What They Told Us: Reviewing Last Week’s Key Polls - Week Ending August 19, 2017
Multiple attacks by terrorists in Spain capped a tumultuous week in which President Trump faced sustained attacks from the media and even his own party. But Republican voters are getting pretty unhappy with their leaders in Congress.
The president has criticized Senate Majority Leader Mitch McConnell over the Senate’s failure to pass a health care repeal bill before the August recess, and more than a third of likely Republican voters now think McConnell should step down. Nearly as many GOP voters want House Speaker Paul Ryan to go.
McConnell is now the most unpopular of the top congressional leaders, an honor House Democratic leader Nancy Pelosi had previously held for years.
At the same time, 63% of Republicans - and 50% of all voters - believe that it is impossible for Trump to do anything that the media will approve of.
Nearly half of voters are following the news more closely these days, but Trump supporters and those in his party are starting to tune the news out more.
However, maybe Republicans in Congress who won’t work with the president are on to something. Voters, for now at least, say they’re more likely to reward the anti-Trumpers at the polls.
The president still isn't getting credit for the increasingly good economic news. A million new jobs have been added to the economy since he took office, but just 42% give him positive marks for job creation. Nearly as many (37%) say he's doing a poor job.
Voters consider Trump less ethical than President Obama, and many still suspect that he has less ethics that other politicians.
Despite the media furor over what the president did and did not say following last weekend's incident in Virginia, his approval ratings appear little changed.
In the United States earlier this month, the number of voters who said the terrorists are winning the war on terror fell to a five-year low. But in April, just 10% of Americans believed Europe was winning the war on terror.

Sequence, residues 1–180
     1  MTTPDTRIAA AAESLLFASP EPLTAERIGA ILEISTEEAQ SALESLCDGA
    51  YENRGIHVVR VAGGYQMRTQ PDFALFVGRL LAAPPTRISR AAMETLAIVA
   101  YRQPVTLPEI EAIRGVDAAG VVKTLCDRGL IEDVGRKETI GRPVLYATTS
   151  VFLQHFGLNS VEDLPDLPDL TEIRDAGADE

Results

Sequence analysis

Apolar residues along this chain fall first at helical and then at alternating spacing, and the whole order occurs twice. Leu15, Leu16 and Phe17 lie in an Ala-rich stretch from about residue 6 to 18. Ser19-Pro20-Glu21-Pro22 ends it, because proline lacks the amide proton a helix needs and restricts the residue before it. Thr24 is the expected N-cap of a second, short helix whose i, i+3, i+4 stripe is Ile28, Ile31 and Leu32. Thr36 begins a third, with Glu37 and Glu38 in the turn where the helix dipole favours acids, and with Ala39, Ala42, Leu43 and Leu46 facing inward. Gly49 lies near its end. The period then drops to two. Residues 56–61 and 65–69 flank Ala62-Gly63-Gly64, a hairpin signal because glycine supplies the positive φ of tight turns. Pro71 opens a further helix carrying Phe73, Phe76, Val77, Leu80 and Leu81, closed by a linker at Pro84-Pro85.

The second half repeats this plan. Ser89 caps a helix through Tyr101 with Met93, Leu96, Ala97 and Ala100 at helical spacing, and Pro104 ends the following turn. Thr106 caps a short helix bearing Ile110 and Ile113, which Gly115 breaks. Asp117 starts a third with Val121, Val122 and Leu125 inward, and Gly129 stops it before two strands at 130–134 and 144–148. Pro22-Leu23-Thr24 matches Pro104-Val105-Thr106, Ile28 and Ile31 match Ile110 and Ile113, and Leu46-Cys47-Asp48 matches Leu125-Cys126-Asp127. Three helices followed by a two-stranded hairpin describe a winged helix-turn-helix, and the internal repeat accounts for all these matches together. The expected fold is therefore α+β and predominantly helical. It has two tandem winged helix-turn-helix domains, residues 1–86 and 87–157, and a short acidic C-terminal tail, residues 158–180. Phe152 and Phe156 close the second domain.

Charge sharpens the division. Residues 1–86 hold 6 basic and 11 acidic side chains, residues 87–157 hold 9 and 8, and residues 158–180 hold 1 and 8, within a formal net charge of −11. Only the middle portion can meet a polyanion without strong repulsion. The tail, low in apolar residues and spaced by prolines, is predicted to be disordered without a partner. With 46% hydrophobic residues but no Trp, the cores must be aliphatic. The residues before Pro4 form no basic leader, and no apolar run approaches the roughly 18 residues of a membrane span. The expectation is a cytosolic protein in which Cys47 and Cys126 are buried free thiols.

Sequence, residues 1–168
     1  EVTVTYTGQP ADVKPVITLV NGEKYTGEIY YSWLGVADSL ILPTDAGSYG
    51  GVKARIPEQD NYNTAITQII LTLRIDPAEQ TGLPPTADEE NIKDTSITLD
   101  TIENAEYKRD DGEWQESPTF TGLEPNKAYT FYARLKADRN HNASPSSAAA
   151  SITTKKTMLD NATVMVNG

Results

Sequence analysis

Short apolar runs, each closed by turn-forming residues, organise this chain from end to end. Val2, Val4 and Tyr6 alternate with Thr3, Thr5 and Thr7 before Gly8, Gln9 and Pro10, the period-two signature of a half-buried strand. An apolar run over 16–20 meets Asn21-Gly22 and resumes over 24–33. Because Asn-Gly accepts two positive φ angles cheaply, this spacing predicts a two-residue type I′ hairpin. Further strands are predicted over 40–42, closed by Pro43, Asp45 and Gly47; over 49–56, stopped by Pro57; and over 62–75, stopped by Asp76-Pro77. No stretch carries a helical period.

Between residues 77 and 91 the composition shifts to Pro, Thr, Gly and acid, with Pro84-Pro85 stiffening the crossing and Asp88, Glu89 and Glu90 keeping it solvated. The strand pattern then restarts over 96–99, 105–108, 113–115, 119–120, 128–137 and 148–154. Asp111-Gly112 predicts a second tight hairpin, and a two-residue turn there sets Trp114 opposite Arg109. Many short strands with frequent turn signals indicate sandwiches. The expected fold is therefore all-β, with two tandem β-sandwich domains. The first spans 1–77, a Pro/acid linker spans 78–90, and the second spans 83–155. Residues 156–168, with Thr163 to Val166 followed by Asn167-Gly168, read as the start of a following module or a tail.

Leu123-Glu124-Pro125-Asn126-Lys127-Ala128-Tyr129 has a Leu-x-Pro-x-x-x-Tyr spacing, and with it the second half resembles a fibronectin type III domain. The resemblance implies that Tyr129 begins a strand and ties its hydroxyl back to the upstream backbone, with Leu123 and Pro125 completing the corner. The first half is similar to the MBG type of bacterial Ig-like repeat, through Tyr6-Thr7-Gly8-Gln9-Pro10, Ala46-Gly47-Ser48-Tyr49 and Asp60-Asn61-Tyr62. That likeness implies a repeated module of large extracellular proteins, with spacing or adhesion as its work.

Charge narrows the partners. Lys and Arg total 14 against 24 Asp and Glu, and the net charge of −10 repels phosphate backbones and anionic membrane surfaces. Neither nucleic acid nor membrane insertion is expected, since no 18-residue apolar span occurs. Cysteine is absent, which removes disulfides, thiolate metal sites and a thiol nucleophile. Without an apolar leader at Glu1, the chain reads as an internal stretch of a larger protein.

While tension in Korean persisted through the week’s events, Trump was on to North Korea 19 years ago, and three presidents failed to heed the warning. The latest Rasmussen Minute looks at Trump's long-time awareness of the North Korean threat and what he's saying about it now.
Few Americans consider China an ally, and most think Beijing should be making more of an effort to curb the nuclear threat from North Korea.
Most voters continue to believe newcomers to America should adopt our culture, language and heritage. Sixty percent (60%) rate U.S. society as fair and decent.
In other surveys last week:
-- Thirty-six percent (36%) of voters say the country is heading in the right direction.
-- Forty-four percent (44%) of American Adults say abuse of opioid drugs is a major problem in the area where they live.
-- The president is considering pardoning former Arizona sheriff Joe Arpaio, who was recently found guilty of criminal contempt for ignoring a judge’s order to stop traffic patrols targeting illegal immigrants. But most voters don’t think the president should pardon Arpaio.
Visit the Rasmussen Reports home page for the latest current polling coverage of events in the news. The page is updated several times each day.
Remember, if it's in the news, it's in our polls.
Rasmussen Reports is a media company specializing in the collection, publication and distribution of public opinion information.
We conduct public opinion polls on a variety of topics to inform our audience on events in the news and other topics of interest. To ensure editorial control and independence, we pay for the polls ourselves and generate revenue through the sale of subscriptions, sponsorships, and advertising. Nightly polling on politics, business and lifestyle topics provides the content to update the Rasmussen Reports web site many times each day. If it's in the news, it's in our polls. Additionally, the data drives a daily update newsletter and various media outlets across the country.
Some information, including the Rasmussen Reports daily Presidential Tracking Poll and commentaries are available for free to the general public. Subscriptions are available for $4.95 a month or 34.95 a year that provide subscribers with exclusive access to more than 20 stories per week on upcoming elections, consumer confidence, and issues that affect us all. For those who are really into the numbers, Platinum Members can review demographic crosstabs and a full history of our data.
To learn more about our methodology, click here.